The junior budget bill also appropriates $3 million for a “wolf conflict compensation pilot program.” According to the bill’s language, this money will be available to compensate ranchers for “verified loss of livestock” and for “the impacts of wolf presence on livestock,” and may also be used to fund ranchers’ voluntary deterrence efforts. It is important to note that while the bill funds a pilot program, the California Department of Fish and Wildlife has not yet determined the parameters of such a program – CCA staff is engaged in ongoing discussions with the Department and other stakeholders to determine how such a program should be structured.
For more information about the junior budget bill and 15 trailer bills – particularly significant additional funding for prescribed fire and other wildfire prevention and forest resilience funding – see the October edition of CCA’s Hot Irons print newsletter.
USDA Expands ELAP Program to Cover Costs of Feed Transport Necessitated by Drought
On Wednesday, the U.S. Department of Agriculture (USDA) announced that it will update its Emergency Assistance for Livestock, Honey Bees and Farm-raised Fish Program (ELAP) to help drought-stricken ranchers cover the cost of transporting feed for livestock.
ELAP already reimburses ranchers for the cost of hauling water during drought. Under the change announced last week, ELAP will now also cover feed transportation costs in areas which have a drought intensity of “D2” for eight consecutive weeks according to the U.S. Drought Monitor, have a drought intensity of “D3” or greater for any duration or where USDA otherwise “has determined a shortage of local or regional feed availability.”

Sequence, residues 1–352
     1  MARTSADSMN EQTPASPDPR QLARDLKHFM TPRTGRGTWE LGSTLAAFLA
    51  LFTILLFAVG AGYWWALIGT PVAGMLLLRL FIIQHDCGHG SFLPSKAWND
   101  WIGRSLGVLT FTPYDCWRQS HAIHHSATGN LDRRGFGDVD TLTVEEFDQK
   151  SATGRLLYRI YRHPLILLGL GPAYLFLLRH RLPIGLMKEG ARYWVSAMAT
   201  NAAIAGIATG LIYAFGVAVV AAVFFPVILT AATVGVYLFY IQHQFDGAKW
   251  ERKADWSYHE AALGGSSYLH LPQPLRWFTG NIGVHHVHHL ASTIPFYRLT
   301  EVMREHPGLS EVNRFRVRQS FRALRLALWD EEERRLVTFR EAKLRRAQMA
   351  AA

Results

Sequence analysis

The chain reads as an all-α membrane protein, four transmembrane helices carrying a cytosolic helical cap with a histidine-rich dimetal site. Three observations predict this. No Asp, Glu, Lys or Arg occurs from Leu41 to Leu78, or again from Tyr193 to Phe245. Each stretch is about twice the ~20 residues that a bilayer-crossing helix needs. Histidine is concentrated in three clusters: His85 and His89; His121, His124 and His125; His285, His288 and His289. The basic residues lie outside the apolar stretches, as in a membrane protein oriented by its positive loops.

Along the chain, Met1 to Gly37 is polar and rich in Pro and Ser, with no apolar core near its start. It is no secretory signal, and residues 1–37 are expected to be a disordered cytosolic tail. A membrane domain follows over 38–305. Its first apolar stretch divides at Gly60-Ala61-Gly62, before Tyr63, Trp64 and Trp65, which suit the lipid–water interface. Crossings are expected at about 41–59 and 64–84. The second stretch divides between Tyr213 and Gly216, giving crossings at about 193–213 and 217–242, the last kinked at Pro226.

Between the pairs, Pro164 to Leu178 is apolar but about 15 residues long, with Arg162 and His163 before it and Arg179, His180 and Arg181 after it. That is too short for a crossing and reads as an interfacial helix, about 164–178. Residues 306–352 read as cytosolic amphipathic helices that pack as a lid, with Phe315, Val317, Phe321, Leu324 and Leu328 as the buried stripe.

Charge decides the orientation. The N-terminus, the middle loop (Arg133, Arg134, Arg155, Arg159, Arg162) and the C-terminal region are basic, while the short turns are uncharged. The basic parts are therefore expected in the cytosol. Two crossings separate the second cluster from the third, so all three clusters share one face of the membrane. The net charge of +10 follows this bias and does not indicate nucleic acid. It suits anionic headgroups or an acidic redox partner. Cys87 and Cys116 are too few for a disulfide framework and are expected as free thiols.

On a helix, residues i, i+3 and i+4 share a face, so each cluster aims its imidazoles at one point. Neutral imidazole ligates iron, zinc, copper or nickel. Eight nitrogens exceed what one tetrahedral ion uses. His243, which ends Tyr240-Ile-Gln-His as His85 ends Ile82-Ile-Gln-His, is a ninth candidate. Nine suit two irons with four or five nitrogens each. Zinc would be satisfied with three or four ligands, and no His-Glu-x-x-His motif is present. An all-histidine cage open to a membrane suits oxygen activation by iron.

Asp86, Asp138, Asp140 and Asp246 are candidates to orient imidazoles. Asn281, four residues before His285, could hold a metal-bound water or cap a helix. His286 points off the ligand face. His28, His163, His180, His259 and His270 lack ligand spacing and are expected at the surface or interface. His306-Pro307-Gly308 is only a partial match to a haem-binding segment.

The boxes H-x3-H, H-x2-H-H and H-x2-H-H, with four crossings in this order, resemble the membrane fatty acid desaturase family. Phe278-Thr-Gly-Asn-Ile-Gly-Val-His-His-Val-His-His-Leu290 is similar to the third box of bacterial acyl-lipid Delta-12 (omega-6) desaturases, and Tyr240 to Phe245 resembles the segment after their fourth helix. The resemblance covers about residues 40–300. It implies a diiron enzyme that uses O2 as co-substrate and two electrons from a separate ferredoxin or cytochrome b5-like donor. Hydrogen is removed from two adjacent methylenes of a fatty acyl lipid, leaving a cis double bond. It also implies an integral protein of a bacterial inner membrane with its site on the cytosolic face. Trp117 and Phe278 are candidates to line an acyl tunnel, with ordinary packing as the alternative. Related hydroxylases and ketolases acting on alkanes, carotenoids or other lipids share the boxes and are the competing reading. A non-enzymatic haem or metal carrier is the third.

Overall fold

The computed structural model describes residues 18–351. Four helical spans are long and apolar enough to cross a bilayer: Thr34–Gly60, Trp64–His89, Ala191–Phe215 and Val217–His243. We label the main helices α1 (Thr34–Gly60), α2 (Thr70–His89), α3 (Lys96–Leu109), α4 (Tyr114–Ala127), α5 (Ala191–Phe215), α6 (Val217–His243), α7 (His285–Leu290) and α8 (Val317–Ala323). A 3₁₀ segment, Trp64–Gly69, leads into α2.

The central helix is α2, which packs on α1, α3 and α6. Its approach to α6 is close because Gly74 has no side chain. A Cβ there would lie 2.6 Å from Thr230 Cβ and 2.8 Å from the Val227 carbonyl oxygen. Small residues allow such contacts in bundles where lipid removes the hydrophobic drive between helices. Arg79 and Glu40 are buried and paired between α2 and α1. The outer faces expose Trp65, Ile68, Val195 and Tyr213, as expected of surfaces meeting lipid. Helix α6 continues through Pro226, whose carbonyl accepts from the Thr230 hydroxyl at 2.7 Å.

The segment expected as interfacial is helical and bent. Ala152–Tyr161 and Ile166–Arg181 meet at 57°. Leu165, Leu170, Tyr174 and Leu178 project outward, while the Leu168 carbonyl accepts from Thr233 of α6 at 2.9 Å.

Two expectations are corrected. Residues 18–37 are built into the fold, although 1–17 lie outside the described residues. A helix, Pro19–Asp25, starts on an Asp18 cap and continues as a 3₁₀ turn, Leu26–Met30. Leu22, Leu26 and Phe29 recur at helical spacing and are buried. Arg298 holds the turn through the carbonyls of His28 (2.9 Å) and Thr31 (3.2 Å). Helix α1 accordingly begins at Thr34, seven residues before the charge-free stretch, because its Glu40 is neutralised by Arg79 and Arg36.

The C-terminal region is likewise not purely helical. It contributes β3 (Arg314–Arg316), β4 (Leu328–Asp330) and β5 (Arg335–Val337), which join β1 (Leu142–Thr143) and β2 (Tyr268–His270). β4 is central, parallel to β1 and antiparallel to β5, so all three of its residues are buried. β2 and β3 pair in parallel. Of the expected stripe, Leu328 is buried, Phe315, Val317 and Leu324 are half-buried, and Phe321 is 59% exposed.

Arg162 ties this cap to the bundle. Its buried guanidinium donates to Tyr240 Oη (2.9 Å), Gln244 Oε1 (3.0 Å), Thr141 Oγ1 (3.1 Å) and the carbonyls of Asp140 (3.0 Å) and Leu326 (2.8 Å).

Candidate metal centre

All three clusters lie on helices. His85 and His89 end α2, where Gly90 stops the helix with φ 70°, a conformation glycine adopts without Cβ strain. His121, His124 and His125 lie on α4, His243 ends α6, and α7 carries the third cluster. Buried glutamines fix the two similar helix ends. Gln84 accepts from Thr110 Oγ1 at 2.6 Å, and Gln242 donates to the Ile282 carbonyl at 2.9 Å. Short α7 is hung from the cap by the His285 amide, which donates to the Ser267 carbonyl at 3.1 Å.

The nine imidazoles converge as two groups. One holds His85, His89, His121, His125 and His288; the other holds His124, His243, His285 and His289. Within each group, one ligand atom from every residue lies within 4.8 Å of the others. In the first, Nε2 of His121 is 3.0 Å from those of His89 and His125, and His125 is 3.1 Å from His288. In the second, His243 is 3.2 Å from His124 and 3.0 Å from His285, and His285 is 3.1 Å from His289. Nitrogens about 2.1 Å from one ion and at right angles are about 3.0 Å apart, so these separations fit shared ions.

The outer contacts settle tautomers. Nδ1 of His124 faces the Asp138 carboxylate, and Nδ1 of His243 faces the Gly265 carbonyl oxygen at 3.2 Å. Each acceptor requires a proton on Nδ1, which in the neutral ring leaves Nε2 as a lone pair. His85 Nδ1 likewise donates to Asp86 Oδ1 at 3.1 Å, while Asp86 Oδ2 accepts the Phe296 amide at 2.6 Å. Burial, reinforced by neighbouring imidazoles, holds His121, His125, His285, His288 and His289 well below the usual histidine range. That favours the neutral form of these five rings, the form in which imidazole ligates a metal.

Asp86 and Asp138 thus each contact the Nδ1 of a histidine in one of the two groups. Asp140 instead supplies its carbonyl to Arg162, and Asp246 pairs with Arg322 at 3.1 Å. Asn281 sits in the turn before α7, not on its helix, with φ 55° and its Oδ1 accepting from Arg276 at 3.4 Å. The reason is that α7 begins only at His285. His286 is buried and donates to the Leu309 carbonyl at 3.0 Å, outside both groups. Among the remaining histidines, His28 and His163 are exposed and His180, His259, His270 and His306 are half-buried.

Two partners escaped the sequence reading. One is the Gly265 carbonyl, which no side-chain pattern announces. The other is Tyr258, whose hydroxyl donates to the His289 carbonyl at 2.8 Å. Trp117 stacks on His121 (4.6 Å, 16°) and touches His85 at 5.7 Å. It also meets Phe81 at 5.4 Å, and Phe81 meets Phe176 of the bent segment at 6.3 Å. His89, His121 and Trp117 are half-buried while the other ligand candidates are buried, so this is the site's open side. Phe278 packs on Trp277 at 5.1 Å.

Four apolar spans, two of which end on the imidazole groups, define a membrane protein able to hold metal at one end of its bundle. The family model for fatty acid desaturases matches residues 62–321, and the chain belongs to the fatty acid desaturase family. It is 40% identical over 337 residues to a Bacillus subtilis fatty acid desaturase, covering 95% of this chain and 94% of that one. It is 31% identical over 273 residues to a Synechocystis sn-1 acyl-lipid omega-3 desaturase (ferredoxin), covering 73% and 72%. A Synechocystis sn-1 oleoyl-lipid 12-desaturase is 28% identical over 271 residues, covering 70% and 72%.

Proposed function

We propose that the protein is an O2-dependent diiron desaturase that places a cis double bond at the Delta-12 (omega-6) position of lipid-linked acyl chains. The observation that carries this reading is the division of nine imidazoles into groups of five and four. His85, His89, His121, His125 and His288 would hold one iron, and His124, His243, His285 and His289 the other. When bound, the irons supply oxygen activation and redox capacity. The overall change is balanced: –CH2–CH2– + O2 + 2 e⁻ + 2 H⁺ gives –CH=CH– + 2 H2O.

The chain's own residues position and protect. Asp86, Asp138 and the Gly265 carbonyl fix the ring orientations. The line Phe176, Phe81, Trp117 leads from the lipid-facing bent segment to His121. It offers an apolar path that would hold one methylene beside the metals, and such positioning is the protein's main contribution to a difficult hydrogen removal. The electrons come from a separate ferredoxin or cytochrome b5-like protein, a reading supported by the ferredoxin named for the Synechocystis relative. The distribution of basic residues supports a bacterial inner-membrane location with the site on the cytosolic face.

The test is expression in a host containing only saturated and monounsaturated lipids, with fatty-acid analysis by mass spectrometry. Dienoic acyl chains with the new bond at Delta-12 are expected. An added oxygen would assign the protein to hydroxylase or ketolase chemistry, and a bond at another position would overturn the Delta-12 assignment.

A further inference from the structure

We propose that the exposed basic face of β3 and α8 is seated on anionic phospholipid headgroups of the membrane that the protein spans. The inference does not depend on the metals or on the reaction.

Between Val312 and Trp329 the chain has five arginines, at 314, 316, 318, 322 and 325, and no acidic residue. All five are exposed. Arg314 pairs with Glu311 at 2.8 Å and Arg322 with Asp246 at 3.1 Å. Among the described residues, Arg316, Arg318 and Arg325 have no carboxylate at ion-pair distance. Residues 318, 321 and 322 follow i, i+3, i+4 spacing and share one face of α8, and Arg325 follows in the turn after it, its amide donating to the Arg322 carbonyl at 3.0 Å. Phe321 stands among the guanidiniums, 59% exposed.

According to USDA, “eligible ranchers will be reimbursed 60% of feed transportation costs above what would have been incurred in a normal year” for such costs incurred on or after January 1, 2021. That 60% will be applied to a “national cost formula…which will not include the first 25 miles and distances exceeding 1,000 transportation miles.” For 2021, USDA has set the initial cost formula at $6.60/mile, which may be adjusted on a regional basis.
USDA will release further details and an application tool later this month on its ELAP webpage; ranchers can find contact information for their local USDA Service Center here. The deadline to file an ELAP application for costs incurred in the 2021 program year is January 31, 2022.
CCA Presses Congress to Preserve Tax Policies that Protect Ranchers
On Wednesday, CCA joined the National Cattlemen’s Beef Association (NCBA) and more than 330 other organizations comprising the “Tax Aggie Coalition” in issuing a letter to leadership of the House Ways and Means and Senate Finance Committees urging them to preserve sound tax policies which protect ranches and other family-owned businesses.
The Tax Aggie Coalition’s outreach comes as legislators begin drafting legislation implementing President Joe Biden’s “Build Back Better” agenda as outlined in the recently adopted Fiscal Year 2022 Budget Resolution. The letter asks that legislators “not alter or eliminate long-standing tax code provisions that are fundamental to the financial health of production agriculture and the businesses that supply its inputs, transport its products, market its commodities, and support the vibrancy of U.S. livestock and crop production.”